The garage I just described is the one of the many odd places I’ve watched a world cup game so far in Indonesia. 

In Jakarta, I was up from a restless sleep at 5 in the morning. I went out to go to 7-11, yes there are 7-11s in Jakarta, and found noise of a game coming from one of the cities alleyways.  It’s a football crazed country. I wandered down the alley, stupidly explorative at the night’s darkest hour in a rough city. I found a television hooked up in the middle of the street, the power cable dangling out of a window 7 stories up above. Around the TV sat a gang of cigarette smokers who nonchalantly gave me a head nod when I stumbled upon the group. They were young, in their late 20s, and quite thuggish. Around them, some homeless men were sound asleep on doorsteps. The Netherlands were playing Spain, and giving them a good spanking. The football fans clearly knew there was a hostel with many westerners around the corner so were inviting to have me stick around to watch. The Indonesians made some remarks about the game that I couldn’t understand. We were both cheering for the Dutch so all was well. Although we couldn’t communicate, I went out for Nasi Goreng (fried rice) at a street stall across the street with them after the game for early breakfast.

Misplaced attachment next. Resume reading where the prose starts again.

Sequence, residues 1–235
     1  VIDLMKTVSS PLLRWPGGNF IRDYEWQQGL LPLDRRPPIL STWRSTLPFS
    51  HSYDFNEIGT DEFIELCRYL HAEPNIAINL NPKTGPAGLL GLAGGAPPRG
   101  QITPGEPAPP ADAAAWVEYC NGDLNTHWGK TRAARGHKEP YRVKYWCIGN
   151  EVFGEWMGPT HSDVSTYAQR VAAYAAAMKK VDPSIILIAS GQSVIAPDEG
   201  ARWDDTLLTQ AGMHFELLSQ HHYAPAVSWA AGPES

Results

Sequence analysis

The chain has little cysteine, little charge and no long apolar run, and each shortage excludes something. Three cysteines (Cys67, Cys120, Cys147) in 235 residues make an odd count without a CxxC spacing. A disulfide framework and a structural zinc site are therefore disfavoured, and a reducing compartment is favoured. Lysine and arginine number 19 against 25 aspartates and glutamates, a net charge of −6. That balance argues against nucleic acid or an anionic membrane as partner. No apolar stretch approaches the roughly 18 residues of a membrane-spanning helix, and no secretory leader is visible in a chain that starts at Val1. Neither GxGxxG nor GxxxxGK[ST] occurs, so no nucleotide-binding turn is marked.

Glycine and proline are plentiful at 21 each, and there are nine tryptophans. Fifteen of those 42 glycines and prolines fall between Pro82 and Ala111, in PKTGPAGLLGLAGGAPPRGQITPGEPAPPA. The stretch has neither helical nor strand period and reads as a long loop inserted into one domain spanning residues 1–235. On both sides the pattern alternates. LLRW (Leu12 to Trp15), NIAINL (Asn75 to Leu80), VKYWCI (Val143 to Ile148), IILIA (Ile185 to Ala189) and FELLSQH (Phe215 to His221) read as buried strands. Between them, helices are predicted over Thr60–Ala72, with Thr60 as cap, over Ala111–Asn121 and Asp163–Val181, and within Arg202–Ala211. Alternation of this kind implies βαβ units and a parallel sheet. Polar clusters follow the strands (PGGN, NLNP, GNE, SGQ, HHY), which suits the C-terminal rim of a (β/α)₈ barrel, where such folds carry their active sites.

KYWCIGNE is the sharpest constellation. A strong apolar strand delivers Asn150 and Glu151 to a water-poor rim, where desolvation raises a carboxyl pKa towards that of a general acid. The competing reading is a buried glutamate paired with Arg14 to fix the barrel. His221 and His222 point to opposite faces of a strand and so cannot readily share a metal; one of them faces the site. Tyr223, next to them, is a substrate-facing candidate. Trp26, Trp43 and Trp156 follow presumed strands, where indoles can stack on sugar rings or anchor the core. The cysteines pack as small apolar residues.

11 months gone.

Jakarta: first impressions

I saw a guy juggling a soccer ball on the 8th floor of a scaffolding today. The floor was partially installed. If the ball dropped down a floor or two, he would slide down on the I-beams. It reminded me of ‘Man on Wire’ where the french tightrope walker went across the world trade center towers. But he wasn’t doing it to show off or get attention. I’m pretty sure I was the only person watching him, standing on the fringe of a busy road. Death was on the line; it didn’t stop him.


A nice young boy opened the door for me after I picked up a snack of mixed nuts from a convenience store. I thanked him cheerfully for his overly friendly gesture. He stuck out his hand in need of food or money. Oh…right.


Like in Bangladesh, I’ve gotten huge smiles here in Jakarta. For the most part, people are genuinely happy to have foreign visitors. It’s a very welcoming place. I was greeted by “Hello mister!” all over the city.


I went to the harbor, through the poverty stricken neighborhoods of North Jakarta (the most vulnerable to disaster). Many lived in tin shacks, some of the homes were even built on stilts on the water. At the harbor, men were loading cement onto gigantic wooden clipper-ships. The ships had gigantic bows then would bend like bananas into the water were the middle would sit only a couple feet above the water then the stern had large cabins and cockpits like cargo freighters. I paid a man five dollars to canoe me around the harbor. I didn’t enjoy the elderly man laboring on my behalf so I asked for the extra paddle. There were only a few strokes where I didn’t stroke through some sort of garbage or debris.